Sunday, 24 January 2010

Today's Viewing & Reviews: Toy Story 2 + All About Steve + Brothers

Toy Story 2 (3D)

I won’t dwell on this. We all know how good it is; The Godfather Part II of animated sequels. It’s a step up on every front from the already masterful first entry in the series. While it’s not enough to warrant a subtraction from the rating, not only is there absolutely no benefit to seeing this in 3D, it actually detracts from the overall experience as a result of the finely honed colours being muted and deadened in the process.


All About Steve

I realise the reaction I’ll get to this is ‘why did you bother in the first place?’ My response to that would be that I’m not snobbish; I’ll give most flicks a chance. Every film deserves a fair trial and all that.

It’s almost a futile exercise picking a film like this apart. Almost. It’s so rare that a film gets it so wrong and so misjudges everything from the comedy, to the romance to the expectations of its audience.

Sandra Bullock (who I’ll admit I find entirely watchable and will further happily admit that I quite liked The Proposal) plays Mary, a crossword compiler(!), who struggles to find a man let alone hold one down. That’s why her parents set her up on a blind date with the titular Steve (Bradley Cooper). Within minutes she’s already exerted a number of character traits which mark her out as an annoyance of Purgatorial proportions. It’s de riguer for a romcom to have a zany lead female, it goes with the territory, but Mary’s quirks are borderline socially subnormal. She’s so ‘hyper-intelligent’ that she has seemingly lost all rational sense and displays enough cautionary tics that I’m pretty certain a psychological assessment would deem her certifiable. The film seems fixated on the fact that she incessantly wears red knee-high boots as if that were somehow more indicative of her maladjusted mental state than the fact she stalks a guy who she’s only just met across the country. It says a lot about her character that even when she’s in allegedly mortal danger, her parents watch her plight on telly from the comfort of their sofa.

For a romcom to succeed it requires at least one of the leads to be in some way likeable (preferably both) but here even the straight co-lead is so intensely detestable and dull that any potential emotional investment in the film falls by the wayside.

I’m giving the benefit of the doubt that the film is attempting satire on some level, otherwise lurching from 'extra-appendaged infant' to 'deaf children trapped down a mine' sub plots is as peripherally psychotic as its protagonist. An attempt to crowbar in a rival news reporters motif cries plagiarism, if nothing else, and a crossword metaphor-laden narration is a constant irritant.

From start to finish this is risible. When even a ‘don’t rape me’ gag levelled at a helpful stranger fails to get a rise, you know you’re in stormy waters indeed.

5 Down (5-3-4): metaphor for this film; complete canine faeces.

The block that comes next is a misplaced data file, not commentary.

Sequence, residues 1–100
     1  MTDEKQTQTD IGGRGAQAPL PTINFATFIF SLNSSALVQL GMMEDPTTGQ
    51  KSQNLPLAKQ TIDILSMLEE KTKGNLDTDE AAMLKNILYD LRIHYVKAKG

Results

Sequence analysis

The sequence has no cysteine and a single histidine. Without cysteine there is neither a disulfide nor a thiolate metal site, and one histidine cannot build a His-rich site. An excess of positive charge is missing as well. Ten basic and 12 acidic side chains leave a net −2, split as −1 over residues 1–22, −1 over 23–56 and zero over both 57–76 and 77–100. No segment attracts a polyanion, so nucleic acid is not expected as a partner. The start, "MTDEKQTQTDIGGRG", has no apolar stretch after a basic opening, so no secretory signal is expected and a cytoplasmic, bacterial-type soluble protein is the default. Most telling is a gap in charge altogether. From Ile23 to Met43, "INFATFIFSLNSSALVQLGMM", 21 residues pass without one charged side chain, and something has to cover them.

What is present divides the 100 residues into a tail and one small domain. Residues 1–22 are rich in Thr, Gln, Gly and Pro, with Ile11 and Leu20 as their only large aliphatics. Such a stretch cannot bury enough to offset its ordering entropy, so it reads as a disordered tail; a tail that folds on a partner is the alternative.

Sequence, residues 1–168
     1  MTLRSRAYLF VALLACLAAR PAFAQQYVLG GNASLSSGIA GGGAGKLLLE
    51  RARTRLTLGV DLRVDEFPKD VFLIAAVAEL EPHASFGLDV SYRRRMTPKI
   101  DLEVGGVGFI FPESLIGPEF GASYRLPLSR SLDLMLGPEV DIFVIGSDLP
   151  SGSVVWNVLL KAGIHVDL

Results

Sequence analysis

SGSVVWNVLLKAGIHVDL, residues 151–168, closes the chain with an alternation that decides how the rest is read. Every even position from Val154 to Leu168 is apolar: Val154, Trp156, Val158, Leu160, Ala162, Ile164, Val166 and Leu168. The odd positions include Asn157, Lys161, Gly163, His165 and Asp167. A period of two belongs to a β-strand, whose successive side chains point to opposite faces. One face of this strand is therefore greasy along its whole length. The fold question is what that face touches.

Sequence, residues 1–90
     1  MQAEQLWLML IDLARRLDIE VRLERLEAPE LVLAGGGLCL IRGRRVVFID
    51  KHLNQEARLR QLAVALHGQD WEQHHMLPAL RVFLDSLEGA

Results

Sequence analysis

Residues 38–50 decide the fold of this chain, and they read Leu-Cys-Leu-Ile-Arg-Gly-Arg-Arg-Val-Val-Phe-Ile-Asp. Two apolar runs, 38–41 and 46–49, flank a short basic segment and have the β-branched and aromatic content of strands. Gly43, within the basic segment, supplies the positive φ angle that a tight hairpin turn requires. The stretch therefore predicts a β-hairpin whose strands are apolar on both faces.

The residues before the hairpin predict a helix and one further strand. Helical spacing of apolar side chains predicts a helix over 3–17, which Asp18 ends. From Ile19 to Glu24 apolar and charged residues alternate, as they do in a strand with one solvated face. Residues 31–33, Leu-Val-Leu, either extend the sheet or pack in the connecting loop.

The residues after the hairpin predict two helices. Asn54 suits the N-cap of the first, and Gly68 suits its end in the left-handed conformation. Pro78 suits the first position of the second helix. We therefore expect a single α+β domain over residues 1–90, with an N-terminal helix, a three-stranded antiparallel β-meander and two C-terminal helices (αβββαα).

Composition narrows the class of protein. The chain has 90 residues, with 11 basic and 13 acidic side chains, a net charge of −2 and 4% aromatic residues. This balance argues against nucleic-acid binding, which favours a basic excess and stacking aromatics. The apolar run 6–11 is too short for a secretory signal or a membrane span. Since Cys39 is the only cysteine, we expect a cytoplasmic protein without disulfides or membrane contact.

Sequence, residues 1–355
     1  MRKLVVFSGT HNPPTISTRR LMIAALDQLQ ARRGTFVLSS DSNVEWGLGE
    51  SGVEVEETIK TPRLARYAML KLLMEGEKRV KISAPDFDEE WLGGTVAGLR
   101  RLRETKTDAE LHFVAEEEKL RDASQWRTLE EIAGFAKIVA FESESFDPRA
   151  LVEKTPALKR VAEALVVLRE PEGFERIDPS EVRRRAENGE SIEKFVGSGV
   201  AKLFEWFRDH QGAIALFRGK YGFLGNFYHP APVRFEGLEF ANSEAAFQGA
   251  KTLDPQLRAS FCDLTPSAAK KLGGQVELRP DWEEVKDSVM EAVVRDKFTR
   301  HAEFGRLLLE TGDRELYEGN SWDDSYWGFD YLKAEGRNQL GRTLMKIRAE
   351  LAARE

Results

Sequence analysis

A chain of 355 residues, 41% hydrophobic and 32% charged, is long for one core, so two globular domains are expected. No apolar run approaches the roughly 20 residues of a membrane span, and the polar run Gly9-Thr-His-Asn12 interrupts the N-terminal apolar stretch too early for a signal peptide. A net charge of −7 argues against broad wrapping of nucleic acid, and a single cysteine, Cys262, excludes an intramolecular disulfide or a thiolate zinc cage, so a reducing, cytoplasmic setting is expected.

If there are two drama sub-genres more likely to make me instantly lose interest they are ‘dysfunctional family with a side of sibling rivalry’ and ‘The War On Terror’. It’s not damning with faint praise to say that Brothers managed to not only hold my interest but actually made me care about the characters.

Sam (Tobey Maguire) is the marine about to return to Afghanistan, coinciding with the release of his brother, Tommy (Jake Gyllenhaal), from prison. When Sam is presumed KIA, a romance of sorts blossoms between Sam’s wife, Grace (Natalie Portman), and his sibling.

The film is more successful when it’s rooted in glacial New Mexico than it is during the Afghanistan segments but it’s not without its faults. For me, the main fault which kept taking me ‘out of’ the film was the casting of the three central characters. There comes a stage in every juvenile actor’s career where they have to make the transition from playing youngsters to playing proper, grown-up people. I’m not sure this was a success for any of the triumvirate in that respect. Tobey Maguire in particular never convinces as the hard-bitten marine or family man. There’s even a script acknowledgement of this in saying that he looks incongruous as a former high school football star. There’s an overriding sense from the leads that they’re playing dress-up rather than convincing as fully-rounded adults with their own families and failings. When Natalie Portman’s character says “I’ve loved you since I was 16 years old” I couldn’t help but think ‘how many weeks ago was that?’

To be completely fair the performances weren’t a dominant problem, just a niggling doubt which kept reappearing to remind me that this was all a contrivance. It works best when it’s a quiet, low-key drama before it errs towards the slightly bombastic. Two particular scenes set around dinner tables stand out as some of the most believably nerve-racking I’ve seen in a while. Never has the bursting of a balloon been wrung for so much tension.

The film’s ably handled by Jim Sheridan and, as is usually his way, never spectacular or grandiose. It’s workmanlike but it does the job. However, I have to hold him personally responsible for the nationalistic nepotism shown to U2. Not only does a new track get its own opening credits billing, and play out over the end credits, but an entire poignant scene is completely non-ironically constructed around the merits of listening to the Gaelic rockers.

I fear I may have come across too negative towards the film when I really did like it. It was more than I expected it to be and certainly more than the sum of its parts.


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